#10273
    Steven Kan
    Participant

    You should be able to combine two swarms using a “newspaper combine.”

    But you might want to let both swarms get established for a week or so, so that they’re committed to staying.

    • This reply was modified 4 years, 6 months ago by Steven Kan.
    #10276
    Ronni Kern
    Participant

    Thanks, Steven. I definitely have two different hives operating now. I am planning to head down to Pierce Mieras tomorrow to buy a second set of boxes so I can get the first swarm out of the tree. The second swarm still doesn’t seem to be functioning on all four cylinders though, so if it turns it out that it lacks a queen, I will probably combine it with the first. I am almost positive they both came from the same “mother hive”. If it does have a queen, though, I will have double the fun! I was under the impression “newspaper combines” weren’t recommended during swarming season.

    #10277
    susan rudnicki
    Participant

    Two swarms can not be merged if they both have queens, so this point must be made clear. Also, a queenless swarm will dissipate fairly quickly as they have no ability to form a viable colony—they will not occupy the box, in other words. Sometimes, secondary swarms are traveling with a virgin queen, and since she is not mated they have less fealty to her, though they do have some—just not as strong as a mated queen. A virgin will have to take more time to go on mating flights, so the appearance of eggs with her will be delayed in a new occupancy.

    #10278
    susan rudnicki
    Participant

    Two swarms can not be merged if they both have queens, so this point must be made clear. Also, a queenless swarm will dissipate fairly quickly as they have no ability to form a viable colony—they will not occupy the box, in other words. Sometimes, secondary swarms are traveling with a virgin queen, and since she is not mated they have less fealty to her, though they do have some—just not as strong as a mated queen. A virgin will have to take more time to go on mating flights, so the appearance of eggs with her will be delayed in a new occupancy.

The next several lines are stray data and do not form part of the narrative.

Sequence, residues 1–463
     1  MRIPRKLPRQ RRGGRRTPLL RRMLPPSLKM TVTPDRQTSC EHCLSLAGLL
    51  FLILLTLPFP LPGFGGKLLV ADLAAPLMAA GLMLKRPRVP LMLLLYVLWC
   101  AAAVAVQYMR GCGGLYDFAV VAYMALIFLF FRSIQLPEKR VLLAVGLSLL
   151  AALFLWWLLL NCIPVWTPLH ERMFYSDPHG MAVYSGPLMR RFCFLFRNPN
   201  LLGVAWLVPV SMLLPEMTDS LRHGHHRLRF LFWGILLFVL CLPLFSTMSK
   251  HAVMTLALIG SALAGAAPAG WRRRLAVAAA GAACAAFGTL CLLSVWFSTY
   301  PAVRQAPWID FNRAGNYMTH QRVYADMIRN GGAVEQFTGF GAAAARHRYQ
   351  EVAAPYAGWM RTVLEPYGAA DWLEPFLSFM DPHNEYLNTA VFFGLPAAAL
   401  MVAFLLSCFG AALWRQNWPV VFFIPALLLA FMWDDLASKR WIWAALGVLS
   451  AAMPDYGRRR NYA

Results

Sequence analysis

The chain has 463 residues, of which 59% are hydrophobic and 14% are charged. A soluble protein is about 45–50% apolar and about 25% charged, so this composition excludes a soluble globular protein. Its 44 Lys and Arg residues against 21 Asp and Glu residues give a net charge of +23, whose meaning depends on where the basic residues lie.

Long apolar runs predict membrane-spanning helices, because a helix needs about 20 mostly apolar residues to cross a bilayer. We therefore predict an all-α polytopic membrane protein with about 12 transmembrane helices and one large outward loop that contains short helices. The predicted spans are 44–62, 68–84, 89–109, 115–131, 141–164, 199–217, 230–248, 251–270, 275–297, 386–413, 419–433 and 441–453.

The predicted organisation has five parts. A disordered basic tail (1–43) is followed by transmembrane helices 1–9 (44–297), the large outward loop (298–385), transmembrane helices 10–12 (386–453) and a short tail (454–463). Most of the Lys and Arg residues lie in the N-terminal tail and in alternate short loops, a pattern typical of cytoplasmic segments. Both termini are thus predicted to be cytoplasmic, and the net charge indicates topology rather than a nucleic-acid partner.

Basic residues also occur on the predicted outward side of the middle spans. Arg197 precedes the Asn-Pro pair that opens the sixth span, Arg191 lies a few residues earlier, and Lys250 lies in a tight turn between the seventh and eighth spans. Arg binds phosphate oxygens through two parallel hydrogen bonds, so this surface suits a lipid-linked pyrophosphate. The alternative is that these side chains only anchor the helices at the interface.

#10279
    Ronni Kern
    Participant

    Thanks for the clarification. I have seen a few bees bringing pollen into this “weaker’ hive so I’m more optimistic than I’ve been. Should I wait until I’m all set up and you’re here to open it up and check?

    #10280
    susan rudnicki
    Participant

    This is a common misunderstanding—seeing bees bringing in pollen does not necessarily mean there is a queen, virgin or mated. Bees are just “doin’ their job” and this is reflected in non-specific pollen collection. If the colony has been in the box a couple days, there is no reason you can not open the lid and have a look at the frames. Your looking gently will not drive them off, nor will they take off in a cloud. If they are queenless there will be few bees on the frames. I am assuming you had no frames with drawn comb to offer them. They will have a lot of construction to do if they have a queen to provide a place for her to lay. With no queen, there will be no organized behavior showing when you look in—ie. festooning

    #10281
    Steven Kan
    Participant

    So would a queenless swarm be a good candidate for combining with a queenright colony or a queenright swarm?

    #10282
    susan rudnicki
    Participant

    So, let’s clarify language—“Queen-right” is short-hand for a colony with a queen. Only ONE queen may occupy a colony of bees. (except for the fairly rare instance when a old queen is allowed by the workers to persist alongside her replacement daughter—I have had this several times)
    Sometimes we pick up swarms that have already lost their queen or we fail to gather her in retrieving the swarm. These worker bees may be combined with a “Queen-right” colony with newspaper. Putting two queens and their colonies together will only result in one dead queen and a lot of dead workers.

    #10283
    Ronni Kern
    Participant

    Is festooning an indication of a queenright or a queenless hive? I got the hive in question onto its new Pierce Mieras stand this evening; and also at Tom Skinner’s suggestion, removed the entrance reducer I had bought at a HoneyLove meeting. The bees were so calm about everything, including my clumsy attempts to level the hive on the new stand, that I was tempted to open it up and check on them. Now I know I can, I will do it as soon as I can get the tree hive down. Those bees are making it very hard to tape screen over the opening because they fly in and out, in and out, even after sunset.

Viewing 15 posts - 1 through 15 (of 23 total)